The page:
A community comes together

Now is a good time to take a breath and give, and say, thanks.

Our community came together like it always does. This time, hundreds of public safety personnel and volunteers united in a massive four-day search for a missing woman. Eleanor Alexander, a 78-year-old suffering from dementia, was last seen Friday around 9 p.m. She was found alive a little before 11 a.m. Tuesday, about 300 yards from her home.

Four-wheelers, canine units, horses, helicopters and thermal-imaging devices were used by countless two-legged rescuers in the search. Others not in the wood donated bottled water, food, portable toilets, prayers and so much more.

Trying to list the sheer number of those who took time off to join the search would more than fill this page. And someone would be left off. So let us just tip our hats and thank all those who volunteered.

This is not the first time someone in our county suffering from dementia, Alzheimer’s, autism or other related illnesses has walked away from home. It won’t be the last either. The elderly are sometimes like children, they slip away the one second no one is watching.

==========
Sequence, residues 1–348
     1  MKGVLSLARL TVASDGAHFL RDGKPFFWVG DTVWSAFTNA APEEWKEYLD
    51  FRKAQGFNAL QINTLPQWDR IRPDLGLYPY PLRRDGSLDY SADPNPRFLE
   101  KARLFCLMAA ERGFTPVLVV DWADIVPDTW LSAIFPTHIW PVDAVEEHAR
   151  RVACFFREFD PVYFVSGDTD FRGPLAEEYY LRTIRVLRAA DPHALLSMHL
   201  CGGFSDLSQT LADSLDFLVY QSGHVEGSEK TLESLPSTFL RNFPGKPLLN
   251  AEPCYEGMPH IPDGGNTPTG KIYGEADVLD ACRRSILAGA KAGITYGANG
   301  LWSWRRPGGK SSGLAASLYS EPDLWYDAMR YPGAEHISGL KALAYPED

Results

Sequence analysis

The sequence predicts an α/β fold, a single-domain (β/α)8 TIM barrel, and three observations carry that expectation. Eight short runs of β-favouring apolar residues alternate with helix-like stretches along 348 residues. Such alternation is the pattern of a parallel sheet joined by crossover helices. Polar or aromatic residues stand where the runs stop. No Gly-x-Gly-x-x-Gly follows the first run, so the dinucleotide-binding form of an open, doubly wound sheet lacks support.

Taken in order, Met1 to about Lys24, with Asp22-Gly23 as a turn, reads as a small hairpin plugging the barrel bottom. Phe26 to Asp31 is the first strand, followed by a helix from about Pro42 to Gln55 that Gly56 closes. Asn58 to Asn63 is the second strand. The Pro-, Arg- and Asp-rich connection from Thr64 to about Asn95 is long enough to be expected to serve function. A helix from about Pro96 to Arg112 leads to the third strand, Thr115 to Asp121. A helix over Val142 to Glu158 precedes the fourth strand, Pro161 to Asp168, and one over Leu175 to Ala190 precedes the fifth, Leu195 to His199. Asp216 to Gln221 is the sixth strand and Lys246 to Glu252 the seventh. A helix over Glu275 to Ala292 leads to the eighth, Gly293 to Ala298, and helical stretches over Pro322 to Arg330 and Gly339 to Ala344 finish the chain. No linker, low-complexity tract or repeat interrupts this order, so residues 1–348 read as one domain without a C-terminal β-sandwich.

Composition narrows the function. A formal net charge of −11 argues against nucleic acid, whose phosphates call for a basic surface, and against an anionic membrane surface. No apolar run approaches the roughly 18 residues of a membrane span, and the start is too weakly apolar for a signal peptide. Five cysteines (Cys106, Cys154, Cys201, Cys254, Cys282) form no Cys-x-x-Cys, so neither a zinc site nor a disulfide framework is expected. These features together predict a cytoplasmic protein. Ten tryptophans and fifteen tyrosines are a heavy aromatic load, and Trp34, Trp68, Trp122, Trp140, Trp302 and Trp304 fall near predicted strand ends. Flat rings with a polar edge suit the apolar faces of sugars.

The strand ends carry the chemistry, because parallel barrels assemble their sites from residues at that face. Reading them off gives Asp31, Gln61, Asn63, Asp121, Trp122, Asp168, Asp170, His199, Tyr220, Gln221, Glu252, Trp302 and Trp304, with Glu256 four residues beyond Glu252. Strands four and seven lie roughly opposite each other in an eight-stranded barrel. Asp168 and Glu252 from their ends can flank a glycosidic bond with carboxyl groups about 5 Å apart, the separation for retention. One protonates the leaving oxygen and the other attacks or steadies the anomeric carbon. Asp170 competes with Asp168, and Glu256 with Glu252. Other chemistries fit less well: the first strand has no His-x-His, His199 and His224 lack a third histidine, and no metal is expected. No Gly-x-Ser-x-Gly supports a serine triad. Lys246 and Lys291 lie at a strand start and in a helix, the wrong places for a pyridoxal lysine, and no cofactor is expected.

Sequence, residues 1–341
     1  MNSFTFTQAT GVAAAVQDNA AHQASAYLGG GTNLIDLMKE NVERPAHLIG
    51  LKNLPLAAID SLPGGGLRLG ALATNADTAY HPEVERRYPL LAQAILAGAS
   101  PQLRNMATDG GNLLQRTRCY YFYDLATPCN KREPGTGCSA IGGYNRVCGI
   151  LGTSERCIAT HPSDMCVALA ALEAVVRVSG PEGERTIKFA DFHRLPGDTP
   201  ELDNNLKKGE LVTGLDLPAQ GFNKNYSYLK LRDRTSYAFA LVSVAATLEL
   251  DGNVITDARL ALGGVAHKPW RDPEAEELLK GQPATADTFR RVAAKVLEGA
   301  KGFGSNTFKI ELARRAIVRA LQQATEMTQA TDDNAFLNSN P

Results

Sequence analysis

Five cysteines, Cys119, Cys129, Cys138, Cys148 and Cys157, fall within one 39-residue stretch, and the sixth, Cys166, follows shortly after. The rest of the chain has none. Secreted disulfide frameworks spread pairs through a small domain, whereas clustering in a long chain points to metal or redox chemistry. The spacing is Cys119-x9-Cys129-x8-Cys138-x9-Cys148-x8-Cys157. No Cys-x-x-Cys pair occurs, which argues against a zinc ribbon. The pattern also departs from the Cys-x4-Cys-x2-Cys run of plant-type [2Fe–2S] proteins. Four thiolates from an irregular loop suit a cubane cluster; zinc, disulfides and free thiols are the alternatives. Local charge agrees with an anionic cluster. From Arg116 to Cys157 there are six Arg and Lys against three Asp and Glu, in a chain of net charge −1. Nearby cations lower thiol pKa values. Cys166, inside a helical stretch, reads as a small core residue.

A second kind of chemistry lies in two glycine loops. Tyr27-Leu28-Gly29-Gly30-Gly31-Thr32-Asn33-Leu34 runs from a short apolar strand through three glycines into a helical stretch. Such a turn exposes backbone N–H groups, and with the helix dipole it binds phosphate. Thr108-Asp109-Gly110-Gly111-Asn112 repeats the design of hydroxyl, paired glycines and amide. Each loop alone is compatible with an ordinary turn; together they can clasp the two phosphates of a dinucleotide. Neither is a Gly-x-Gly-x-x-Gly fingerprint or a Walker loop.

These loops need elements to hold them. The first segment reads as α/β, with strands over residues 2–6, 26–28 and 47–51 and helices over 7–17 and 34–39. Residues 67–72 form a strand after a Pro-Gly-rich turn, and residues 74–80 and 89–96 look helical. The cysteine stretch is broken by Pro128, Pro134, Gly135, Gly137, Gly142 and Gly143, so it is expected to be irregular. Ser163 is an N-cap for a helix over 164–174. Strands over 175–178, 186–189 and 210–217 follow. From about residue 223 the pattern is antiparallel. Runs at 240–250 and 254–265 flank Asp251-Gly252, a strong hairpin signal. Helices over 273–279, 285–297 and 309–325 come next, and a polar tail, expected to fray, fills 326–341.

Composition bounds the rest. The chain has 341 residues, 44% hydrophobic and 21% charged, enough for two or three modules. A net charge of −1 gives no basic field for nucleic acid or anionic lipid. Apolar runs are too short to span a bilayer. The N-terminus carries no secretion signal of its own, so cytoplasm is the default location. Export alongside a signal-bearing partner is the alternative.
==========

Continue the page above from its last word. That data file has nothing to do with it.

While not everyone falls into this category, there is support for those requiring 24-hour care. The Coweta County Sheriff’s Office has teamed with Project Lifesaver (http://projectlifesaver.org) to provide monitoring devices that can track down missing people.

A device, slightly larger than a watch, is worn on the wrist and sends out an inaudible signal every second. It works up to a mile on the ground and up to five miles from the air. For more information, contact Lt. Stephen Crook at the sheriff’s office at 678-423-6713. More information is also included in a story in today’s edition.

Now that we’ve taken that breath, remember this: Coweta County came together. An elderly woman was saved.

Everyone take a bow.






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